Everyone has their own way of approaching a new piece of music. Most often we sightread through the first time, just to get the “lay of the land.” Then, if it’s a piece we’re going to dig into, we go back and start the real work.
For young students (depending on their skill level, they may have skipped the sightreading step all together) this means practicing in small sections slowly, hands separately, section by section, and finally adding the crowning touch… the dynamics.
For advanced pianists this time for “getting down to business” may include working out fancy fingerings, analyzing chord progressions, slow practice for a beautiful tone, and untangling inner voices. Some add another layer of mental work by memorizing a piece as they learn it. These are all important steps and no stone should be left unturned when preparing a piece for performance.
However, for the purposes of this project, I’m determined to cut to the chase. This means learning pieces quickly and getting them up to speed before going back and polishing up all the details. Sort of like taking a chainsaw to a big piece of stone to reveal the music rather than building it up bit by bit. In other words, I’m trying not to be too precious about everything.
Part of my inspiration for approaching music this way came from my daughter’s art class where she learned “gesture drawing.” She’d come home with her huge drawing pad filled with pages and pages of what looked like scribbles. But each one was a figure – twisting, twirling and turning. One of her favorite class exercises was following other classmates around the room, drawing them in motion.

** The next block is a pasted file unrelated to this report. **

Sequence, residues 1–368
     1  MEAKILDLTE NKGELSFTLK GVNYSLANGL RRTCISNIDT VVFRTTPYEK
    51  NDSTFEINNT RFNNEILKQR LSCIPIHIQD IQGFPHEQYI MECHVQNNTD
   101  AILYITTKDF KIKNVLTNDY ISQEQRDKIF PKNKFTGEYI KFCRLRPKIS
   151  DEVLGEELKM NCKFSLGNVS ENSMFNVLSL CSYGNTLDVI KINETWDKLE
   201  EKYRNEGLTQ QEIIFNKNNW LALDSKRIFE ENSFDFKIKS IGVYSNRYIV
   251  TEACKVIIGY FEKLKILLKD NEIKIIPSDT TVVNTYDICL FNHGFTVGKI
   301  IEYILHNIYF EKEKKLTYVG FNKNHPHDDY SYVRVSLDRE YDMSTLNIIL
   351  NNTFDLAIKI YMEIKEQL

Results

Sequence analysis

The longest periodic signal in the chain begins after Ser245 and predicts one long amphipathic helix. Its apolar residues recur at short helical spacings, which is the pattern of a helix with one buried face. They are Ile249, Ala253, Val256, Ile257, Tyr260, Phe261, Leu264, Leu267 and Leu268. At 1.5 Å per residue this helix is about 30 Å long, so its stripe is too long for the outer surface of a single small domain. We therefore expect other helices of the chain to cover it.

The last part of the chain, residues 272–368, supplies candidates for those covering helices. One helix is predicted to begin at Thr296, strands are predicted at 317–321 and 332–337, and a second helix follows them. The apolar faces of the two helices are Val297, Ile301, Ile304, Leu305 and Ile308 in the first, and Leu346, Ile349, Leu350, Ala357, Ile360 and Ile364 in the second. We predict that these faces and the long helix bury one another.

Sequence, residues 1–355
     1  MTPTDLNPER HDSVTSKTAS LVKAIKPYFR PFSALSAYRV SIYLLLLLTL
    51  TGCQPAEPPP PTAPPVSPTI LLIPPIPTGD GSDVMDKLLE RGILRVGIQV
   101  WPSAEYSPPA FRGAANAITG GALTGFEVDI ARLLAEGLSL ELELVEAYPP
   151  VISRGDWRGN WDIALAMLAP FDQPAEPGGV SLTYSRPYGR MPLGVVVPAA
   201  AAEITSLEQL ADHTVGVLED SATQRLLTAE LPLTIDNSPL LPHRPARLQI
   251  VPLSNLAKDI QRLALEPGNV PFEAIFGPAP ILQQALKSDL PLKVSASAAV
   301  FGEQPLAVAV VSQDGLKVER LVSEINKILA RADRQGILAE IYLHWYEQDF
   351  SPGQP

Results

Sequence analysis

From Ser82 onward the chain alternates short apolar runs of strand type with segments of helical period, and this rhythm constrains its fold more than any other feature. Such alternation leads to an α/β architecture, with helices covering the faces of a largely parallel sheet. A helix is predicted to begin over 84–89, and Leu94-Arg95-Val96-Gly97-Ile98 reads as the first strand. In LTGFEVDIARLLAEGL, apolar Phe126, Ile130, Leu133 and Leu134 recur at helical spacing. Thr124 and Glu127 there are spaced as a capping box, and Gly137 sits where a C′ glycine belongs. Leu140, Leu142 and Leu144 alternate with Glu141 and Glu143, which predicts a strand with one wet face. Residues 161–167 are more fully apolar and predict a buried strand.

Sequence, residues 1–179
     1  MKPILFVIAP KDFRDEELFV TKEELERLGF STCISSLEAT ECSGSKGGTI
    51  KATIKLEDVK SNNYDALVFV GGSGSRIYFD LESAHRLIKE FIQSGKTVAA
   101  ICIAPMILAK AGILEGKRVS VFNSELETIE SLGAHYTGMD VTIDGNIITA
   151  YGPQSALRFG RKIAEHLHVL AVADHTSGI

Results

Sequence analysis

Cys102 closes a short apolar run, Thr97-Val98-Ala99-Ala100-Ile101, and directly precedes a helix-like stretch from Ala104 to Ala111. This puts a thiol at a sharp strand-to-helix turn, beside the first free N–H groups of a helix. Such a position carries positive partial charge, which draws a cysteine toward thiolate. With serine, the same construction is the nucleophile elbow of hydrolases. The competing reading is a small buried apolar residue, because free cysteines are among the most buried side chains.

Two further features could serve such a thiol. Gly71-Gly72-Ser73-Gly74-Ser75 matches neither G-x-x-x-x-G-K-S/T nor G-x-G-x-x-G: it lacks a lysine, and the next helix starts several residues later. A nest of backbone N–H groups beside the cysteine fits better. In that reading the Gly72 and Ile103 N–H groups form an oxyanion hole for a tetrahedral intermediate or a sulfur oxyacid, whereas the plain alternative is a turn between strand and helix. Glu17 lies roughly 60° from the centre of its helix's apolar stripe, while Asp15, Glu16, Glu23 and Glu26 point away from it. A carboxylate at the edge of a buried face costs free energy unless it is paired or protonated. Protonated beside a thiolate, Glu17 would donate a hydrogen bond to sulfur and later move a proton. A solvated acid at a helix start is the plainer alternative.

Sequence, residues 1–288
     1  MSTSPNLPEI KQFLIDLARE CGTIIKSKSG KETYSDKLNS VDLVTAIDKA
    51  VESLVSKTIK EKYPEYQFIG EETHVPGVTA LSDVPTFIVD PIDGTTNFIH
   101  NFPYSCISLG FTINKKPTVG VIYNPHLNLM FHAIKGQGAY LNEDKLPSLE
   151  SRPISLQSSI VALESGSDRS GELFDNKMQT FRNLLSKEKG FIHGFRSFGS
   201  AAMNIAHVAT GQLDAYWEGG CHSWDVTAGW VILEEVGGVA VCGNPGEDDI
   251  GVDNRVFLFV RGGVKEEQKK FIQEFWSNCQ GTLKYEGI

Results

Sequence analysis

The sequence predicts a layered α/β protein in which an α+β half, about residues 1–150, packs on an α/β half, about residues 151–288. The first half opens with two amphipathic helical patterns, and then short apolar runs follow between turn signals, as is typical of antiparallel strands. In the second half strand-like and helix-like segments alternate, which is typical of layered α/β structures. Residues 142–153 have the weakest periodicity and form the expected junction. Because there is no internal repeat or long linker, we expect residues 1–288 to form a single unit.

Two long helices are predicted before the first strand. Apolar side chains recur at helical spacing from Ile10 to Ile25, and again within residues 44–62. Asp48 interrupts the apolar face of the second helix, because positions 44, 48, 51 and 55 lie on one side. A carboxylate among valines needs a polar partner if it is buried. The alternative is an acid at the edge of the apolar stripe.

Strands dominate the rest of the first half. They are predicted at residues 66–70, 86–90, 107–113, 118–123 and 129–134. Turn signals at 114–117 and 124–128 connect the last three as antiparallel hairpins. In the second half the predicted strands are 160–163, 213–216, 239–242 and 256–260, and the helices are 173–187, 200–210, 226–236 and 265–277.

We use gestures in piano when we find the sweep of the phrase, choreograph leaps and arpeggios and gauge our arm weight for sudden dynamic and articulation changes. I think there is a feeling of spontaneity that comes when we learn a piece quickly this way, without stopping to read every single note the first time through. Is it possible that this feeling is communicated to the audience in a slightly different way than when we perform a piece we’ve built from the ground up note by note and measure by measure?
The Brahms Intermezzo Op 119 No 3 is a piece I’ve always loved but never “worked on.” This week I was determined to get it in shape to post quickly. It is still a work in progress and I’m still whittling away to get to the finished product but now instead of a chainsaw, hopefully I’ll be using a chisel.